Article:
08/16/2001 11:00PM

Learn to pre-handicap for an edge

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LEXINGTON, Ky. - Most bettors wait until race day to begin handicapping. But getting an early start can be a significant advantage. In fact, you might as well begin the process of preparing for future race cards by doing your best to spot upcoming plays and horses to bet against at the end of each racing day.

Here are some of the things you can do each day, or at least try to catch up on each weekend:

1. Note which fields are unusually deep, or unusually shallow, with talent. When two horses figure about even on paper a few weeks from now based upon their performances in races at the same, or similar class levels, it will pay to recall that one of them is exiting what might turn out to be a key race, while the other beat only one serious contender, and a bunch of mediocre runners.

2. Pay special attention to beaten favorites. Did the chalk have a legitimate excuse based on a troubled trip, a disadvantageous track bias, an unfavorable pace scenario, etc. or did he genuinely disappoint? Even if there was an excuse, was it enough to explain away the full margin of defeat, or is it a weak alibi that will disguise the fact that the horse is on the decline? Most handicappers are too forgiving when it comes to betting beaten favorites back next time, especially if they are in the hands of a popular trainer and/or jockey. Being able to make an educated guess as to which ones are likely to run poorly again is the first step toward overcoming the parimutuel takeout.

3. Evaluate troubled trips in terms of the running style of each horse. If a closer breaks two lengths behind his rivals, the slow start might not count for much. But when a front-runner breaks two lengths behind the pack, then rushes up into a 21.60-second opening quarter, the energy he used to rally into the swift fraction will cost him much more than two lengths when he becomes exhausted in mid-stretch. Even without a fast pace, when a front-runner fails to break alertly, he's much more likely to be caught racing wide and/or between horses, hardships he wouldn't normally have to cope with if he had made a quicker exit. An off-the-board finish under these circumstances can be a total throw-out, and will lead to an attractive price next time out.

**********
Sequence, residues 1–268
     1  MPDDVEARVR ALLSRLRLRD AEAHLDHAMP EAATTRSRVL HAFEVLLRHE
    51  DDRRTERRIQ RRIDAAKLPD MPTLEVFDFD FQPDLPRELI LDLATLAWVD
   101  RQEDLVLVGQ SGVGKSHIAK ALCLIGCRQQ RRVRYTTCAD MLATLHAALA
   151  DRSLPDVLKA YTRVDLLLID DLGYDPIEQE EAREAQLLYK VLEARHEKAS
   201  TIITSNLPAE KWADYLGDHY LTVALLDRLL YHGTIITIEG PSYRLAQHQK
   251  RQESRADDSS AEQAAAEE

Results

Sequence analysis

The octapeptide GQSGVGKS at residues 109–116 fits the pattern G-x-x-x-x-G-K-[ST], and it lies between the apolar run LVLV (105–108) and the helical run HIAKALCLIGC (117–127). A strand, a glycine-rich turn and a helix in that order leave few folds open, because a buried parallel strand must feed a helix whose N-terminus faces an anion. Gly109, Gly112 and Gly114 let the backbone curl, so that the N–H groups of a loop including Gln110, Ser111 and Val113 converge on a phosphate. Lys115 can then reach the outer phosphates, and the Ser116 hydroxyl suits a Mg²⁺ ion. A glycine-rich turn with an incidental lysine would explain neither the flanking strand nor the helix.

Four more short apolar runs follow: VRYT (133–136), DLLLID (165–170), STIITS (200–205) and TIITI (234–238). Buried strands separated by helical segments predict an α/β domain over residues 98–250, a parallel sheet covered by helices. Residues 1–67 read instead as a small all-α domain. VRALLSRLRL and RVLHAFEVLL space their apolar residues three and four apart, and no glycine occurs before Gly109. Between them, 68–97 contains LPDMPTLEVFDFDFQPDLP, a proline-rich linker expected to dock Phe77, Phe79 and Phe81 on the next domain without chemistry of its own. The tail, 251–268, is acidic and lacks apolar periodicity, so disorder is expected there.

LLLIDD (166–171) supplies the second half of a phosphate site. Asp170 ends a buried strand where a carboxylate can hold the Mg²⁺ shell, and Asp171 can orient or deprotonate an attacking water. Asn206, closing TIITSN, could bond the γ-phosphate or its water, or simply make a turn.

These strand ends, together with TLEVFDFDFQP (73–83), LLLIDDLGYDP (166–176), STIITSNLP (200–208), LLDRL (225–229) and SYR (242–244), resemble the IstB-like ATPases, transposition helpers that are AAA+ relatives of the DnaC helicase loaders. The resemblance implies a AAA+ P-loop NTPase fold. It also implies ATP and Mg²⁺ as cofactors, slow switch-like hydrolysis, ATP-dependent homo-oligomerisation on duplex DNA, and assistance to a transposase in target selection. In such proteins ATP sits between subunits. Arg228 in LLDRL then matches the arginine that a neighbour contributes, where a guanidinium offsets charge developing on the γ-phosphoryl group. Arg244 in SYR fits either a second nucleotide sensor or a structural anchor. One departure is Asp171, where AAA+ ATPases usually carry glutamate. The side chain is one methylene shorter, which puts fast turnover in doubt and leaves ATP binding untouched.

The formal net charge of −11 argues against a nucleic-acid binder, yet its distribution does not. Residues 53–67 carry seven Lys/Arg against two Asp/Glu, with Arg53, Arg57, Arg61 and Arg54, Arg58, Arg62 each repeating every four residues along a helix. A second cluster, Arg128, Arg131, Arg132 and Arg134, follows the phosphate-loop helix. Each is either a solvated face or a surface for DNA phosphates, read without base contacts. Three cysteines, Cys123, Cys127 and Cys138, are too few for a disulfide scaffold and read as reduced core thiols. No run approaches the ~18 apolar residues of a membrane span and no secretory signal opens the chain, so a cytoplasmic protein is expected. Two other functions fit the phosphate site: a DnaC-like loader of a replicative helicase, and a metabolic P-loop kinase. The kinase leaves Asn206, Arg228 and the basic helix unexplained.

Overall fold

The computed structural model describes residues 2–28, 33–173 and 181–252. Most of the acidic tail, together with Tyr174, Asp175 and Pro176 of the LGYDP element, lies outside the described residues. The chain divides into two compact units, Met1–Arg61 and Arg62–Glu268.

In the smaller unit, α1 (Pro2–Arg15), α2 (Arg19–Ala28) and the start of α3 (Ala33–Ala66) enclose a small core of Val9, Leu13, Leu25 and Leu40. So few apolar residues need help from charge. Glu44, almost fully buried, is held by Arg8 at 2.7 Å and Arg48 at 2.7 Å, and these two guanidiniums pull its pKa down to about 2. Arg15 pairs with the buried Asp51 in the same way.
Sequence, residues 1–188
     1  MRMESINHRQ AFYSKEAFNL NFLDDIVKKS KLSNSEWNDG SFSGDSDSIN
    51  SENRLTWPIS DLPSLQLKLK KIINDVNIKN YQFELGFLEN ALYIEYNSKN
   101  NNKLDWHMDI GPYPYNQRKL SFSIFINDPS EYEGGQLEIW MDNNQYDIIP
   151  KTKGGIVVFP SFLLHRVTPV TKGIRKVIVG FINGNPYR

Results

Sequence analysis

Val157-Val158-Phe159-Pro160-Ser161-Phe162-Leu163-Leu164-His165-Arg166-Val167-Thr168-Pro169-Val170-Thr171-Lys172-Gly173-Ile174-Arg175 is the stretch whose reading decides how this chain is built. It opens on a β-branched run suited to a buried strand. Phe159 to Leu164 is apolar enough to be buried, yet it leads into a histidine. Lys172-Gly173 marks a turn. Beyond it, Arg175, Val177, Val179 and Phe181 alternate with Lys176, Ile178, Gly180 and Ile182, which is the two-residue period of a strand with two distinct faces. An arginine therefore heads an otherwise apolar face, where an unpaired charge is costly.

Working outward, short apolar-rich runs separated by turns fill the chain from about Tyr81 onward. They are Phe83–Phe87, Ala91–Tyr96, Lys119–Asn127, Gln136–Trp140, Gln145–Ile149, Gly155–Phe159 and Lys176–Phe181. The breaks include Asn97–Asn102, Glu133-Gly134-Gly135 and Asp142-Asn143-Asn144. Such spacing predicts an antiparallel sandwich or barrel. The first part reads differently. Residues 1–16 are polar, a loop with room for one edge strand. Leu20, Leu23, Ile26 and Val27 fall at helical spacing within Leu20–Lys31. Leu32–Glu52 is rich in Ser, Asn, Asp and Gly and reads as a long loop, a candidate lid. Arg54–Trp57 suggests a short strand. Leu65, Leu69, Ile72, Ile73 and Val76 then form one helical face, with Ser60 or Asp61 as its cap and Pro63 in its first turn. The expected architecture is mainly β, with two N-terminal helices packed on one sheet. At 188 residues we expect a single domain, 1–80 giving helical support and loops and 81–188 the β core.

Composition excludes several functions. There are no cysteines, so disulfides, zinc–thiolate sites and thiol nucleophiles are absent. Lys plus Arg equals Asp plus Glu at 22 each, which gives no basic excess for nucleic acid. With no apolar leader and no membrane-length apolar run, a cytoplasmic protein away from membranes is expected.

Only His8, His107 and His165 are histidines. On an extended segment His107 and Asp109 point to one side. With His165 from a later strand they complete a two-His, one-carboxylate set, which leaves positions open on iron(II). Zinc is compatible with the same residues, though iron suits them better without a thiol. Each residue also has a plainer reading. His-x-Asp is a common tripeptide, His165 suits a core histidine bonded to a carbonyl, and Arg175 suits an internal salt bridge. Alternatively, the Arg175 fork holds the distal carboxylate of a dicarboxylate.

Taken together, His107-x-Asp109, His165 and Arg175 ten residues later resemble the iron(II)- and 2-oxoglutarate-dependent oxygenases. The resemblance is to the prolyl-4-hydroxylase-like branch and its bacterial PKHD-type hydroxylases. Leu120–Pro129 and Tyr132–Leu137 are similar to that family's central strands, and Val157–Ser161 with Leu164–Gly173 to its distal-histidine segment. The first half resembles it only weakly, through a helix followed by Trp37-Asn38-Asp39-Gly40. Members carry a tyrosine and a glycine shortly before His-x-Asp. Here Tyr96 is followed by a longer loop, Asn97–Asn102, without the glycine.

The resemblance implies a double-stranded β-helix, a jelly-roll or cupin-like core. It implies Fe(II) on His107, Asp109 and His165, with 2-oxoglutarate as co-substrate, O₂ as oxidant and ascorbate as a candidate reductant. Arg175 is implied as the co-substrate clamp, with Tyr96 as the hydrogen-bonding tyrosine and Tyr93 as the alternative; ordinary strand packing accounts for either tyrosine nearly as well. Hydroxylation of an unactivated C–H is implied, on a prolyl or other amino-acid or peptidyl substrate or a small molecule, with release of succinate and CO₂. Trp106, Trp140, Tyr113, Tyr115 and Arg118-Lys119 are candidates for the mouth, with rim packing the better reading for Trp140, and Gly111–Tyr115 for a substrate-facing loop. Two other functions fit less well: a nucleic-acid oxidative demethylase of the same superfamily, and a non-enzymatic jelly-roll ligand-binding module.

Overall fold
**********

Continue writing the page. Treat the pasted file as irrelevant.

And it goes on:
4. Check to see whether or not horses with a particular running style dominated the race. If the fractions were marginal and the horses who were 1-2-3 at the first call stuck around to finish 2-1-4, you'll want to downgrade them next time. And you'll also want to take a longer look at the horse who wasn't prominent early who rallied to finish third against the predominant trend of the race. The same goes for races dominated by closers in a race with a fast pace. They'll be overbet and will probably be vulnerable if the pace charts out differently on paper when they run back. Watch out for the speedster who hit the board while defying the trend of that race.

You should be able to find something worthwhile on most racing days. A glance at the Aug. 16 card at Ellis points out Two Dot Slew as in interesting prospect out of the ninth race, a 5 1/2-furlong allowance N2X on the turf. This 4-year-old filly had taken nearly three months off from April 21 to July 13. She was up close, made a mild mid-race bid, then faded and finished sixth of seven, beaten by 6 1/2 lengths with a 56 Beyer in her return. On Aug. 1 she dueled for the lead for a half-mile, then held on better while finishing fourth of six, beaten by only four lengths with a 69 Beyer.

This time Two Dot Slew tracked an aggressive pace, tagged the leader, second betting choice Rose Frances (the preferred half of an entry), put that rival away, drew off to a 1 1/2-length lead, but was worn down in deep stretch by 4-5 favorite Charm to lose by a neck, seven lengths clear of the third filly. That's a textbook example of an improving horse. Better yet, the runners who were fifth, seventh, and last at the first call in this eight-horse field capitalized on the favorable pace scenario when they finished first, third, and fourth. Two Dot Slew, second at the first call, was the exception as the only filly who flashed early speed who was still competitive at the finish. Put her on your horses to watch list.